Another example is the lack of transparency to merchants and acquirers around mobile wallets being presented at the point of sale for payment.  Currently, the identity of a mobile wallet at the point of presentment is not available.  There are a number of use cases where the identity of that wallet would benefit the merchant, acquirer, issuer, network, or most importantly the consumer.  MAG has brought forward these use cases and will continue to pursue some form of wallet identifier be developed and implemented to solve these challenges.  In addition, the availability of biometric authentication data is not available to all parties involved in a mobile payment transaction since that cardholder verification method is not available to the Common AID.  This puts parties - including issuers - at a disadvantage with potential risk to authorization decisions and ultimately the customer experience due to a higher risk of decline.  Transparency includes access to available information by all parties to make better approval decisions.  After all, who benefits from the lack of transparency here?  Not the issuer.  Not the acquirer.  Not the merchant.  And not the consumer.

Finally, we commend MasterCard who has published publicly available provisions that digital wallet operators who support MasterCard transactions must follow with regard to the allowable use of merchant and consumer data.  However, they are the sole network to have done so.  As background, retailers that accept NFC must accept all certified NFC-enabled mobile wallets according to network rules.  Yet, mobile wallet operators are parties that historically have never been a part of the three or four party model.  Commercial arrangements have been introduced with these mobile wallet operators for which merchants have no insight into. Transparency into the provisions for how a digital wallet operator can use the customer or merchant data it gains access to is a very fair and reasonable expectation - an expectation that the MAG will continue to pursue on behalf of its merchant members.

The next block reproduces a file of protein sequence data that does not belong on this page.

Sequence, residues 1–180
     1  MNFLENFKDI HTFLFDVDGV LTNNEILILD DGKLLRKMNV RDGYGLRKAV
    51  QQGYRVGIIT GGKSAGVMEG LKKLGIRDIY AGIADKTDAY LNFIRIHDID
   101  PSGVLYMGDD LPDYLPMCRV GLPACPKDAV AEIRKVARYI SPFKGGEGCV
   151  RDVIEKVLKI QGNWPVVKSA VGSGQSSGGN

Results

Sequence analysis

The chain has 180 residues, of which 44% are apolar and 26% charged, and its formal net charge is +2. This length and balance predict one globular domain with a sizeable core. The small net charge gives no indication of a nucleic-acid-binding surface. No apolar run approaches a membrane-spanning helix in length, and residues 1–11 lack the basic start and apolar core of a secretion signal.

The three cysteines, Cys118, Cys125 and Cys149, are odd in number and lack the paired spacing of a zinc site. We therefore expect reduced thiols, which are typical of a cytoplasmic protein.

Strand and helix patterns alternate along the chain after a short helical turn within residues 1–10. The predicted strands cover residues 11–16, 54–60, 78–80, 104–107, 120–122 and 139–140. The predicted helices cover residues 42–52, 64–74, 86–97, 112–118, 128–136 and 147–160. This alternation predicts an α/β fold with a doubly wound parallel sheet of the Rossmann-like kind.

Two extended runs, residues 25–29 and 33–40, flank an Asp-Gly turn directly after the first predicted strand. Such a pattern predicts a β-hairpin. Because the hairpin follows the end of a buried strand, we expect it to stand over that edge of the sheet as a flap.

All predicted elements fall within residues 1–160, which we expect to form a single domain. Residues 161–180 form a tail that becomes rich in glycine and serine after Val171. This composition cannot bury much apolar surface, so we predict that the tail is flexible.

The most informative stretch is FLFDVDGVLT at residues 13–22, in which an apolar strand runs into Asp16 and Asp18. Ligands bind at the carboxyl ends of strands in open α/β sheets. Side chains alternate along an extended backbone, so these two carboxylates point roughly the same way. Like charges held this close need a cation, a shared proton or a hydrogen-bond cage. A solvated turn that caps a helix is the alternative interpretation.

Alignment & Consistency

Finally, there are several areas of opportunity to streamline back office payment operations and ultimately improve the customer experience.  Payment networks introduce products and solutions at different times in different ways with different rules or best practices for implementation.  Retailers have competing priorities for financial resources and often times are unable to justify implementation of these fragmented solutions due to cost (e.g. various timelines or completely different implementations by network), compatibility issues with merchants’ back office operations for some network solutions, or inconsistencies in the in-store operations and customer experience one or more network solutions may cause. 

In order to most effectively leverage these capabilities and ultimately improve the customer experience, merchants seek some level of consistency and alignment among the networks on best practices.  The MAG is looking to encourage dialogue with the objective to build a foundation of alignment and consistency among payment networks for processes and practices that are not competitive in nature.  A few capabilities we will focus on include certification processes, real time refunds including release of the open to buy, support for split shipments, use of chargeback reason codes, and fraud monitoring practices.

The bottom line is that increased collaboration of ecosystem players can solve real problems.  

Let’s get this done.